IKEA, often thought of as the go-to for university students and out-of-school young professionals looking to stylize any room on a budget, has actually become quite the heavy-hitter in high-end design as well over the past few years. The creativity and innovation from this Swedish-born home furnishings company is unparalleled in the mass-market industry, and furthering this ideal is the opening-tomorrow exhibitIKEA in Toronto’s trendy King West neighbourhood.
exhibitIKEA is an art installation that brings together some of Canada’s most-renowned designers to use IKEA’s products in their works. The artists – David Dixon (well-known and celebrated women’s fashion designer), George Whiteside (a staple in Toronto’s arts community and renowned for his fashion and design photography), Thrush Holmes (an artist and painter whose ascension in the art world was swift), and Bruno Billio (a Toronto-based sculptor whose unique sense of design is apparent in his use of active displacement and staging of found objects) – have all created pieces and works fuelled by IKEA’s products and designs.
The innovate and unique installation at King Street and Blue Jays Way opens to the public tomorrow, and will enjoy a short stint through the 21st of August. For those not in Toronto or who won’t have the chance to visit exhibitIKEA while in town, photos and a complete video tour of each artists’ creations will be available on the IKEA Canada Facebook fanpage.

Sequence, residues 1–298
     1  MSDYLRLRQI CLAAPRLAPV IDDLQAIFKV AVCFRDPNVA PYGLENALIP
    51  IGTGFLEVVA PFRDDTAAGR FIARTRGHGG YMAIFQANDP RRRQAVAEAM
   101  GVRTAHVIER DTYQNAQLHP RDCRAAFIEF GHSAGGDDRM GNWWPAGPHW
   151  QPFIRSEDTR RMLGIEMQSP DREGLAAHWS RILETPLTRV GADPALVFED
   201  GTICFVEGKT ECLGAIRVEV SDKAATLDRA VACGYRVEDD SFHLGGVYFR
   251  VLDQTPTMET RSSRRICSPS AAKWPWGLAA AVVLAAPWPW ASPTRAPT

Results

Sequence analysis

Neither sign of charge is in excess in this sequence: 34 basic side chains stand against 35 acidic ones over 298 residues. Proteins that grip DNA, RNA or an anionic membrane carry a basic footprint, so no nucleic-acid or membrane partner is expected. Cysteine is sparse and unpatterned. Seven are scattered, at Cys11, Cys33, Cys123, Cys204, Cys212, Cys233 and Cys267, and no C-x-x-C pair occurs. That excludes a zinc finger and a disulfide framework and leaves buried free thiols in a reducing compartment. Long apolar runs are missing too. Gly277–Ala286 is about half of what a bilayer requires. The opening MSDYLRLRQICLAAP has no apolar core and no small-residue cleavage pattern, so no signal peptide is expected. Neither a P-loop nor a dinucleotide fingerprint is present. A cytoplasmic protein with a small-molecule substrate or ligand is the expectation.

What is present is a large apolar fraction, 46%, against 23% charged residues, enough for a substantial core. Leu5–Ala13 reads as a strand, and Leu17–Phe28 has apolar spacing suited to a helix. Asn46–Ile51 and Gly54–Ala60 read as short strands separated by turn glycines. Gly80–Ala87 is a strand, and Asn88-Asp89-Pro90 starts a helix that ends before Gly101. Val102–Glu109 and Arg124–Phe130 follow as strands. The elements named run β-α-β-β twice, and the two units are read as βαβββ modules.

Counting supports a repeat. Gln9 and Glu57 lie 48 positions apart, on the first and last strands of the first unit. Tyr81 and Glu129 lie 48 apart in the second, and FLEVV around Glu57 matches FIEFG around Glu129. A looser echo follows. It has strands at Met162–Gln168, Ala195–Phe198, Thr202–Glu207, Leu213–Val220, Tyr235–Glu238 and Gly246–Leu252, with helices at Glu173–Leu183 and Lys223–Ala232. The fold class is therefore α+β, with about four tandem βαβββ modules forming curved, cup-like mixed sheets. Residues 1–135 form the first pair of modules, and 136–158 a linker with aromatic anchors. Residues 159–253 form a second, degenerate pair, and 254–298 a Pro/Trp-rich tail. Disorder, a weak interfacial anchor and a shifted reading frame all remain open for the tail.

Part of the reason IKEA decided to undertake such a project is because of the consumer: IKEA customers are known for using their products and furniture in ways that are creative and unmistakably personal, even though IKEA’s products are mass-produced and mass-marketed. We say cheers to IKEA for continuing their tradition of conceptualization different from the average retailer, and continuing their history of clever marketing ploys – you didn’t think this was just about art now, did you?
Check out some of the photos from exhibitIKEA below…
Bruno Billio takes IKEA chairs to new heights
Thrush Holmes uses neon and graffiti juxtaposed with a sophisticated interior on his “shack”
George Whiteside uses IKEA frames to showcase his Morandi Notes series of photography
David Dixon uses IKEA textiles to create modern and chic womenswear